Rapid growth, advanced technology to assist managers, smart sensors, new communications systems, and wanting to make a better place to live–this is Yinchuan, China.

As an urban center in a region that is less developed than other areas of China, Yinchuan is targeted for substantial growth in population. The city is dotted with residential high-rises under construction or ready for occupants. According to city officials, the population is growing at 1.6% annually, or about 48,000 new residents per year.

Managing population growth served as the driver to make advancement in the quality of life and citizen happiness.

At the recent Smart City InFocus conference, held in Yinchuan for the third consecutive year, much of the discussion was about technology: smart streetlights, Big Data, facial recognition, the Internet of Things (IoT), artificial intelligence, and any number of other cutting-edge devices and techniques.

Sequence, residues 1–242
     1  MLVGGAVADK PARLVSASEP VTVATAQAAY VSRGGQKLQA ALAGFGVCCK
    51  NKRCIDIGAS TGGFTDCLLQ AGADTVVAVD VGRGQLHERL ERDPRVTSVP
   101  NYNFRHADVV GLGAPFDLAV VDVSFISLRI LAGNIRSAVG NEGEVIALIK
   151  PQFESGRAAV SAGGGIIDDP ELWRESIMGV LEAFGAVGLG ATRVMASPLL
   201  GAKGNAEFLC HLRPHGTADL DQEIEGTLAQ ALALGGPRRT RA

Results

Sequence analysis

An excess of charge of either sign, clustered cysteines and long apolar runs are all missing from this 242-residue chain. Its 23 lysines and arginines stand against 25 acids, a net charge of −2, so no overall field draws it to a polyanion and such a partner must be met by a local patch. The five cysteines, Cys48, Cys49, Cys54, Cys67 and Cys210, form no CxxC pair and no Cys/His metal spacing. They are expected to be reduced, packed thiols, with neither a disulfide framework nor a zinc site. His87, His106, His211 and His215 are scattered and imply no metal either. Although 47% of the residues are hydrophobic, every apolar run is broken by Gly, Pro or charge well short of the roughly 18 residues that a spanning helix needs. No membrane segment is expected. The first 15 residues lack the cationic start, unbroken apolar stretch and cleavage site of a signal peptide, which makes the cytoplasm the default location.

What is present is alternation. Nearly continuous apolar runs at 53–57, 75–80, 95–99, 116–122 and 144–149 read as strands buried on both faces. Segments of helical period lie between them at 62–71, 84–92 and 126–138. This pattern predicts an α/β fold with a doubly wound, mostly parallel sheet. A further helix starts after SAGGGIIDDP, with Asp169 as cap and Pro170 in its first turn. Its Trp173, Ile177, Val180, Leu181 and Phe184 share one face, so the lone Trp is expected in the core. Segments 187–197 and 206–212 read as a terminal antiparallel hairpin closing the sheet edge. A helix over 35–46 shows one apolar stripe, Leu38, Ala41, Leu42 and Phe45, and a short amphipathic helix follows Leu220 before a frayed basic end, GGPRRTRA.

But the ultimate goal of Smart City technology, proponents say, is to make cities better places to live. The most important Smart City metric should be citizen happiness, not some abstract measure of digitization or connectivity. Accomplishing that takes more than fancy technology – it also requires changes in policies and procedures.

Just as businesses are learning to prioritize customer experience as a competitive advantage, cities like Yinchuan are focusing on how citizens and businesses interact with City Hall.
The two following videos will give you a better sense of what’s happening there.

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